How much you can borrow to finance your property can be limited by two debt servicing limits imposed by the Monetary Authority of Singapore (MAS). These are:
- Mortgage Servicing Ratio (MSR)
- Total Debt Servicing Ratio (TDSR)
Mortgage Servicing Ratio (MSR) – MSR currently sets a 30% limit of the borrower’s gross monthly income that can be used to finance his or her HDB home loan. MSR will also apply to the financing of executive condominiums.
For example, if the borrower’s gross monthly income is $5,000, the monthly loan repayment cannot exceed $1,500 (30% x $5,000).
If your property is jointly purchased with your spouse, then both your income can be taken into account.
Total Debt Servicing Ratio (TDSR) - TDSR takes into account all outstanding loan commitments (e.g. home loan, car loan, study loan, credit card debts, and so on). These loans/debts are capped at 55% of the borrower’s total gross monthly income.
For example, if the borrower’s gross monthly income is $5,000, the monthly total debt repayment cannot exceed $2,750 (55% x $5,000). This will include the borrower’s monthly mortgage. [Note: Those earning variable income such as salesperson, their gross monthly income will be subjected to a 30% haircut for calculation of TDSR].
Effectively, both the MSR and TDSR seek to ensure financial prudence as well as prevent over-spending by Singaporeans. Indirectly, they also help to curb property speculation by preventing over-leveraging of one’s income.
Property Stamp Duties
Property stamp duties are taxes on dutiable documents on any immovable properties in Singapore. They are computed on the purchase price or value of the property, whichever is the higher amount, stated in the document to be stamped. They are payable to the Inland Revenue Authority (IRAS).
When buying a property, there are two stamp duties to take into account - Buyer's Stamp Duty (BSD) and Additional Buyer's Stamp Duty (ABSD). Taking note of these property policies is important because they can add substantially to th cost of your property acquisition.
Buyer’s Stamp Duty (BSD) - When buying a property in Singapore, regardless of whether it is a public or private home, the buyer’s stamp duty (BSD) is payable. BSD is levied on the purchase price of your property based on the rate shown below. It can add substantially to the overall cost of your property purchase. Hence, it needs to be factored in to determine the overall cost and your affordability.
|Buyer's Stamp Duty (BSD)|
|Higher of Purchase Price or Market Value of the Property||Rates on or before 14 February 2023||Rates on or after 15 February 2023|
|Amount exceeding $3,000,000||6%|
Additional Buyer's Stamp Duty (ABSD) - Additional Buyer’s Stamp Duty (ABSD) is levied on the following:
- Singapore Citizens (SC) buying their second and subsequent residential properties
- Singapore Permanent Residents (SPR) buying their first and subsequent residential properties
- Foreigners (FR) and Entities buying any residential properties (Note: Nationals or Permanent Residents from Switzerland, Norway, United States, Iceland and Liechtenstein are eligible for ABSD remission under Free Trade Agreements (FTAs) and are accorded the same Stamp Duty treatment as Singapore Citizens)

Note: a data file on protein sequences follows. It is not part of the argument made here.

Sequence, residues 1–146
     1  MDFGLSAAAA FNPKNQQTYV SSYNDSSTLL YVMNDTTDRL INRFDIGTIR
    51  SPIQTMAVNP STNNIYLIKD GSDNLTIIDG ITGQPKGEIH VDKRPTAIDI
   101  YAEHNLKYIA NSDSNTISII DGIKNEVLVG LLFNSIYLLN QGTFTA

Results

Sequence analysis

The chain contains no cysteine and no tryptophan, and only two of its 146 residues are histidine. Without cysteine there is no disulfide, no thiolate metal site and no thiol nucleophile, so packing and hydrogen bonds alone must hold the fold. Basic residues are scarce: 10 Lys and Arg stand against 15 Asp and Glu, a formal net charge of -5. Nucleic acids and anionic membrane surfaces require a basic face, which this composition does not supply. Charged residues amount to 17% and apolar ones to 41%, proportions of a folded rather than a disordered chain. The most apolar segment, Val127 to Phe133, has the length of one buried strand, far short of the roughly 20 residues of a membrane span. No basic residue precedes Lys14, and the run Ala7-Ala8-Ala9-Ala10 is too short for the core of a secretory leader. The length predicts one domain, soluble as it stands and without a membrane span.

How much ABSD a property buyer will incur will depend on his/her status as indicated below:
|Additional Buyer's Stamp Duty (ABSD)||Rates before 27 April 2023||Rates from 27 April 2023|
|SCs buying first residential property||0%||0%|
|SCs buying second residential property||17%||20%|
|SCs buying third and subsequent residential property||25%||30%|
|SPRs buying first residential property||5%||5%|
|SPRs buying second residential property||25%||30%|
|SPRs buying third and subsequent residential property||30%||35%|
|Foreigners buying any residential property||30%||60%|
|Entities buying any residential property||35%||65%|
|Housing Developers||35% (remittable, subject to conditions) + 5% (non-remittable)||35% (remittable, subject to conditions) + 5% (non-remittable)|
More details can be found in “How to Calculate Singapore Property Stamp Duties”.
Now that you are armed with the necessary information, you will be in a better position to shop for a suitable home loan. It’s important to figure out what you truly need and how you can manage the financing at the present and in the future.
In addition, you will need to take into account the following considerations when taking up a home loan:
- How big a loan you can afford.
- What is the length of the loan.
- How much personal savings and CPF funds are available for the downpayment of your property purchase.
- How much can you afford to set aside for the monthly home loan installments.
- Will there be future cash injections (e.g. year-end bonuses).
- Any plans for partial or full loan redemption in the future.
Besides the above, you will also need to take into account other costs of home ownership such as renovation and repair costs, utility bills, maintenance fees (for condo) or conservation (for HDB) fees, and property tax.
It is also prudent to set aside some savings, in case you need money for other unexpected expenses or contingencies such as loss of job or medical treatments. If you have any queries about property investment or home loan, please feel free to Email or WhatsApp Us.